Comparative AI in pigs and cattle

By Stuart Revell - Senior Veterinary Surgeon (Research) Genus/ABS. When studying comparative reproduction in farmed mammals, they don’t come much more different than cattle and pigs.
calendar icon 11 March 2007
clock icon 2 minute read

These differences are related to very dissimilar natural lifestyles.

Cattle are herd animals, where the principal male cannot afford to spend too long mating each individual as he has to keep rivals away, and numerous, small ejaculates are the order of the day.

Pigs are more solitary woodland animals who are not pushed for time, so copulation can be prolonged and a very high volume ejaculate produced. Herd females, constantly on the move, can cope with no more than one or two offspring, whereas a sow with a well-chosen den can cope with more, less immediately mobile, young.

The bovine lifestyle has a number of advantages for AI. The volume of the ejaculate is low, but the sperm count is high, because the cow’s cervix presents a barrier to the male. Most sperm never make it through the cervix, but AI technicians can deposit semen in the uterus, thus stealing a march on nature and allowing a very low sperm dose to be used.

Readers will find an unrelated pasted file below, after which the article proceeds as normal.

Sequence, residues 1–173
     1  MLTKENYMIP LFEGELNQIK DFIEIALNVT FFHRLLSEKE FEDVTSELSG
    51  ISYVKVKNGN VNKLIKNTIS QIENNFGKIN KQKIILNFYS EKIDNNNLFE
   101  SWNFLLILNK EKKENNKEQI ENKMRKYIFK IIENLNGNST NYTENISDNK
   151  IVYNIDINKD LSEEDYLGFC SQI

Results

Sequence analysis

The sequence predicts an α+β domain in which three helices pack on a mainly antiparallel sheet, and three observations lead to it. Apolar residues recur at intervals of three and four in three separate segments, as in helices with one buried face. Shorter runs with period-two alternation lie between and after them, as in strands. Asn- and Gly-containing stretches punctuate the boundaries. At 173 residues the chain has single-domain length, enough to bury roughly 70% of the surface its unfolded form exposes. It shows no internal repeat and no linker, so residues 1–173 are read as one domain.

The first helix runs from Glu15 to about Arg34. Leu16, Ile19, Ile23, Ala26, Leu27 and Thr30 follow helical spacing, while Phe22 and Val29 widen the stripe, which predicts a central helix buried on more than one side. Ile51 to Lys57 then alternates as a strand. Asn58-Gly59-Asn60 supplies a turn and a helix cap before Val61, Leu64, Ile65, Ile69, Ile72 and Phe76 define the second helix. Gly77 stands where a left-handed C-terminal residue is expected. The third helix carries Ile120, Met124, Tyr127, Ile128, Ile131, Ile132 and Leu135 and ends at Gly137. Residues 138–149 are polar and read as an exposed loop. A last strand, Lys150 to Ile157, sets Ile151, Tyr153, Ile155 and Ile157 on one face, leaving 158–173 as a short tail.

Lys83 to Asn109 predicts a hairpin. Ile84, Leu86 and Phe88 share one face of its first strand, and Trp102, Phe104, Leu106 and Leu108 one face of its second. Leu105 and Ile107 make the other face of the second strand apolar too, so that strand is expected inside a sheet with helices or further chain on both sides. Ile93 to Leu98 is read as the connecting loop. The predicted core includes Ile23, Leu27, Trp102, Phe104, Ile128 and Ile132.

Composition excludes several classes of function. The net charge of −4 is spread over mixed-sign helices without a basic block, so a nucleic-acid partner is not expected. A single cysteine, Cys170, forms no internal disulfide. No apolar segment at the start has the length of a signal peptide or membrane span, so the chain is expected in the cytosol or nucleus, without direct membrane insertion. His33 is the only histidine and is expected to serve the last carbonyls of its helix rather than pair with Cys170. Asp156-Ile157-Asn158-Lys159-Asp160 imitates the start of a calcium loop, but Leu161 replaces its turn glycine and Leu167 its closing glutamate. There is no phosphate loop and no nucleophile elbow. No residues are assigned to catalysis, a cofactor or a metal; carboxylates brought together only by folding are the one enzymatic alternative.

In pigs, the boar’s penis locks into the sow’s cervix, so ejaculation is into the uterus. Pig AI equipment gets no further into the female than the boar does, so the sperm dose and volume used must be closer to those of natural service. Boar semen collection and processing is a lot of work in relation to the reward.

The bovine advantages continue when freezing is considered. Bull sperm are resistant to the many stresses of freezing and thawing, and frozen semen can be as fertile as fresh. Boar sperm are much more sensitive, which greatly limits the usefulness of freezing and makes the process more complex.

However, cattle don’t have it all their own way. Dairy farmers turn envious eyes on the conception rates routinely achieved in pigs, and oestrus closely tied to a clearly defined event like weaning also has its attractions.

February 2007

© 2000 - 2024 - Global Ag Media. All Rights Reserved | No part of this site may be reproduced without permission.